It was the kind of unexpected hit no one could have predicted. Tens of millions of people stuck at home in pandemic quarantine were suddenly riveted by the fictional story of a young female chess player.
But a real chess champion from the Republic of Georgia, Nona Gaprindashvili—the first female grandmaster ever—says the Netflix series, The Queen’s Gambit, used her real name to defame and belittle her.
In the series’ final episode, the fictional female chess player takes on a male opponent as a radio commentator narrates in the background. He goes on to say that Nona Gaprindashvili never played men.
The only problem is that in real life, contrary to the script, she had competed with men—scores of them, in fact.
According to a suit filed recently in a federal court in California on behalf of the now-80-year-old Nona, “the professional reputation and brand of Gaprindashvili was inextricably bound up with her courageous efforts to face and defeat estimable male opponents when chess was overwhelmingly a man’s world.” She is seeking $5 million in compensatory damages, plus punitive damages and a permanent injunction against Netflix.
Her lawyer, British-born, Los Angeles-based Alexander Rufus-Isaacs, argues that it was all so unnecessary. “The Queen’s Gambit is a fictional series,” he said in an interview. “Most of the characters in the series are fictional. And they could have easily used the name of some fictional female chess player instead of mentioning my client’s name. They could have achieved the same dramatic effect, and it would not have defamed her.”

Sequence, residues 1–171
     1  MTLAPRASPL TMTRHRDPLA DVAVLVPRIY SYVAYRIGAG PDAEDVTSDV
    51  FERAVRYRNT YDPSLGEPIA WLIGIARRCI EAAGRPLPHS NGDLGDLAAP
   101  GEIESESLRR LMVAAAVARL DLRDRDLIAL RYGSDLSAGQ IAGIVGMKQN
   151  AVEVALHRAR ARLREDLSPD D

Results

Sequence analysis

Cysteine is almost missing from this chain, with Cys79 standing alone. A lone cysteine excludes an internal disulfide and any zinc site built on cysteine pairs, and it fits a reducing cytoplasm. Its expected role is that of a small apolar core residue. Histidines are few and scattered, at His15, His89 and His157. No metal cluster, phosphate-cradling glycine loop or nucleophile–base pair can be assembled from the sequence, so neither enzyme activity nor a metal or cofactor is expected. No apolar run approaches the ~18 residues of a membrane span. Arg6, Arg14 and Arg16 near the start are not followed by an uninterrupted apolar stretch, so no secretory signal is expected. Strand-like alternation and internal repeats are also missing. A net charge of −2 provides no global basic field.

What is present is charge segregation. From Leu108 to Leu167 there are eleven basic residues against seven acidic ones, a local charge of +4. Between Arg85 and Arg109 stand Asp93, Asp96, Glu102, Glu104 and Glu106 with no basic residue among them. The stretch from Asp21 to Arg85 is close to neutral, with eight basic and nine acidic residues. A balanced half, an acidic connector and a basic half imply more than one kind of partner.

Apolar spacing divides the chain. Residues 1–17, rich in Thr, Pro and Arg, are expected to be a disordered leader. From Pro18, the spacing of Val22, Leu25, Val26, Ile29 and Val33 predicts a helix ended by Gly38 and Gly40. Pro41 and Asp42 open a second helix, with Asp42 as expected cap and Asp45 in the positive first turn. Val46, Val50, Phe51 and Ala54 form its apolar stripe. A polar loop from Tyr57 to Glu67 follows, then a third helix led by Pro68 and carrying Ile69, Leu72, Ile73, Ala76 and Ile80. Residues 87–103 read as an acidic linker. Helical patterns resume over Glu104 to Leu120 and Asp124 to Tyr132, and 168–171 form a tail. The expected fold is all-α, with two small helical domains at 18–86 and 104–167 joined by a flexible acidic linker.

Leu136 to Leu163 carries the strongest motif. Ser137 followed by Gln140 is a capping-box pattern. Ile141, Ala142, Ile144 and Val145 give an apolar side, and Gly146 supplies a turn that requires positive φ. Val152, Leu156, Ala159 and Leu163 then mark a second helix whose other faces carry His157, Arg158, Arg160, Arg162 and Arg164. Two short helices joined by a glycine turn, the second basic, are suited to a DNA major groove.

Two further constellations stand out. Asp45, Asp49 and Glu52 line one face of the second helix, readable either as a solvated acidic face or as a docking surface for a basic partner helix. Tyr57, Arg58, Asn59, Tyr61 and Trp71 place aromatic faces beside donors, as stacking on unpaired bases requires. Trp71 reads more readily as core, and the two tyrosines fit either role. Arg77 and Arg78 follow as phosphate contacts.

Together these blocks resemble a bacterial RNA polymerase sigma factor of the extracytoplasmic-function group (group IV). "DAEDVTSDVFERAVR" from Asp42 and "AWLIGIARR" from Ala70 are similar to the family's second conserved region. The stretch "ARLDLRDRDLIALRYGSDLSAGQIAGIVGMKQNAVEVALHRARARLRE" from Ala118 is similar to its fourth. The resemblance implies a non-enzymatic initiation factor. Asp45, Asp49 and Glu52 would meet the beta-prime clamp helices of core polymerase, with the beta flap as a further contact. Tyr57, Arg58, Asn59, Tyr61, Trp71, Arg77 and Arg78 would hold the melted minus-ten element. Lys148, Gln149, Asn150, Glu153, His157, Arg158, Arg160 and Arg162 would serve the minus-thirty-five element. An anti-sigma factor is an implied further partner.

This case seems to be part of a larger trend of prominent female public figures trying to reclaim control of their life story. The singer Taylor Swift has waged a public campaign to reclaim ownership of her music, which has been sold against her will. And the former American student Amanda Knox, once convicted of murder in Italy but later exonerated, has bitterly complained that the Hollywood movie Stillwater took inappropriate liberties with her life story.
Whatever the specifics of those cases, The Queen’s Gambit case seems a more straightforward invasion of the principal’s legal rights. Her lawyer, who has been filing and winning defamation cases in U.S. courts since 1998, seems more than a little confident. “The majority of my cases settle, and those settlements are confidential.”
Alexander Rufus-Isaacs is listed in Best Lawyers for 2022 in Copyright Law.
John Ettorre is an Emmy-award-winning writer, based in Cleveland. His work has appeared in more than 100 publications, including the New York Times and the Christian Science Monitor.